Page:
Financial Repression and Laffer Curves
One of the key issues of optimal fiscal policy is public goods financing. Financial repression is commonly used by governments as an implicit taxation of financial sector along with explicit labor and capital taxes. In this paper we consider the optimal choice of benevolent government in an overlapping generations’ model with an endogenous labor supply and defined contribution pension system. Financial repression is modeled as an artificial increase in demand on government bonds of the pension fund with the reduced rate of return. The optimal choice depends on the population growth: when the growth is negative the government does not resort to the financial repression, and public good is financed by the labor tax revenues. When the population growth is positive optimal choice of the government includes financial repression coupled with capital tax. In this case the interest rate on the government debt is –1. Stronger financial repression leads to the decrease in pension savings, substituted by voluntary savings, which leads to higher capital and output per unit of labor.
Financial repression in the form of regulated expansion of demand for public bonds with below-market rate of return stabilizes public debt and decreases its service cost. This helps financing of fiscal stimuli programs in times of economic recession and high public sector indebtedness. But being implicit and distortionary taxation of households, financial repression interferes with market mechanisms and can decrease the effectiveness of fiscal stimulus. In this paper we augment the New Keynesian dynamic stochastic general equilibrium model with the elements of financial repression to evaluate the impact of financial repression on fiscal multipliers. We compare different regimes of finance of fiscal expansion and confirm that lump-sum taxation delivers the highest multiplier, while proportional labor income taxation leads to substantial distortions and decreases the effectiveness of fiscal stimulus. Most importantly, we show that tighter financial repression in the form of higher requirement for households to hold public debt only marginally decreases the fiscal multiplier. At the same time, tightening repression by decreasing the rate of return on public bonds leads to higher fiscal multiplier. This result is in line with the literature, which shows higher effectiveness of fiscal stimuli under zero lower bound in the money market. We also estimate the short- and the long-run impact of financial repression on public debt. Under substantial inflation inertia, positive monetary policy shock provides long lasting effect of the liquidation of public debt.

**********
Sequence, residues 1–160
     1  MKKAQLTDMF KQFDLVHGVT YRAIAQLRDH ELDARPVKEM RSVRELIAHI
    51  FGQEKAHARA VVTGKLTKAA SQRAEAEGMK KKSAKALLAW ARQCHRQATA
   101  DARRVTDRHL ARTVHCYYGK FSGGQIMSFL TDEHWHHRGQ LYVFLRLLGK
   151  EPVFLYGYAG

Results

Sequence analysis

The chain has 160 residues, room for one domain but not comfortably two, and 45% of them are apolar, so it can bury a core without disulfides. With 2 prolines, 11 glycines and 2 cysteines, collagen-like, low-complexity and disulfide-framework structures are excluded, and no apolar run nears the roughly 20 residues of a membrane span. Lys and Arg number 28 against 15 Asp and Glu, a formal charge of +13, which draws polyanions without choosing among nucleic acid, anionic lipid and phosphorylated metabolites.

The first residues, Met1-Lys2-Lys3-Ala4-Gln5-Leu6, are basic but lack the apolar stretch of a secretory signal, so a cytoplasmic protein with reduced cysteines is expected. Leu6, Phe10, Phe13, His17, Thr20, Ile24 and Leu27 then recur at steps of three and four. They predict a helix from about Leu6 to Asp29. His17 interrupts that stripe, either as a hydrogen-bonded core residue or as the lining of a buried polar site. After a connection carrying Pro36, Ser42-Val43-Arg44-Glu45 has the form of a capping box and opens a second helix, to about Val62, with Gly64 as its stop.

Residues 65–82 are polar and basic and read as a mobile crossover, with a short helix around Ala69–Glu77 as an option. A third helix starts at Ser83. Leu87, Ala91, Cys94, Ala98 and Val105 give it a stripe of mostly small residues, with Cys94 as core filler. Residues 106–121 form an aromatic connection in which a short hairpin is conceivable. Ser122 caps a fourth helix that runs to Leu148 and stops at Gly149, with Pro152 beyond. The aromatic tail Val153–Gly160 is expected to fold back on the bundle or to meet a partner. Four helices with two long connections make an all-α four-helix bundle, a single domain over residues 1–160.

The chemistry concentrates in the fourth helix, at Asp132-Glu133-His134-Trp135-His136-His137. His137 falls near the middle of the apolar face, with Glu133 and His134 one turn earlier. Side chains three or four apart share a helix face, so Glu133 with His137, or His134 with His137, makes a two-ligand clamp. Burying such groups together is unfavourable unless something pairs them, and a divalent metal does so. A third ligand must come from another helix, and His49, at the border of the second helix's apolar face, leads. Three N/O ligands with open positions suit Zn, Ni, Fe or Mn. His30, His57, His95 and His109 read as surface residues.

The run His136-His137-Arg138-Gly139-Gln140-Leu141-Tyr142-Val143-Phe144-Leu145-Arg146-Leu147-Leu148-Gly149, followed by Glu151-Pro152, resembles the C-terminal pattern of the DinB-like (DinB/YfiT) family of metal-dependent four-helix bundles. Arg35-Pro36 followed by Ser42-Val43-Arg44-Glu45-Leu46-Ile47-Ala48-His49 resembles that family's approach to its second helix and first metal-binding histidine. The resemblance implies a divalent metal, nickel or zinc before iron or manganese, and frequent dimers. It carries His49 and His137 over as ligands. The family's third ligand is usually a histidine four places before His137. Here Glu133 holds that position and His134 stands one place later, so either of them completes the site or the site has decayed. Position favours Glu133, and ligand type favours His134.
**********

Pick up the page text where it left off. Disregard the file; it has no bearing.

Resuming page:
Modern financial repression in developed countries takes the form of various measures aimed at increasing the placement of public debt with a below-market or even negative real rate of return. It provides governments with an additional revenue or liquidates their debt. But financial repression is a hidden tax on wealth, which introduce additional distortions into the economy and thus affects the base of traditional taxes. In this paper we introduce financial repression into the neoclassical dynamic general equilibrium model to assess its overall impact on government revenues. Following the framework of Trabandt and Uhlig (2011) we estimate Laffer curves for USA and the set of European countries. We show, that tighter repression shifts Laffer curves for consumption and labor-income taxes down, but actually increases the revenue from capital-income taxation. As a result, and despite a decrease in output, financial repression leads to an increase in government purchases. We also estimate marginal rates of substitutions between different policy instruments and show, that while the U.S. economy cannot loosen repression without forgoing government purchases or increasing traditional taxes, European economies are on the wrong side of the Laffer hill for financial repression that allows decreasing public debt and increasing its rate of return.
The paper examines the structure, governance, and balance sheets of state-controlled banks in Russia, which accounted for over 55 percent of the total assets in the country's banking system in early 2012. The author offers a credible estimate of the size of the country's state banking sector by including banks that are indirectly owned by public organizations. Contrary to some predictions based on the theoretical literature on economic transition, he explains the relatively high profitability and efficiency of Russian state-controlled banks by pointing to their competitive position in such functions as acquisition and disposal of assets on behalf of the government. Also suggested in the paper is a different way of looking at market concentration in Russia (by consolidating the market shares of core state-controlled banks), which produces a picture of a more concentrated market than officially reported. Lastly, one of the author's interesting conclusions is that China provides a better benchmark than the formerly centrally planned economies of Central and Eastern Europe by which to assess the viability of state ownership of banks in Russia and to evaluate the country's banking sector.
The paper examines the principles for the supervision of financial conglomerates proposed by BCBS in the consultative document published in December 2011. Moreover, the article proposes a number of suggestions worked out by the authors within the HSE research team.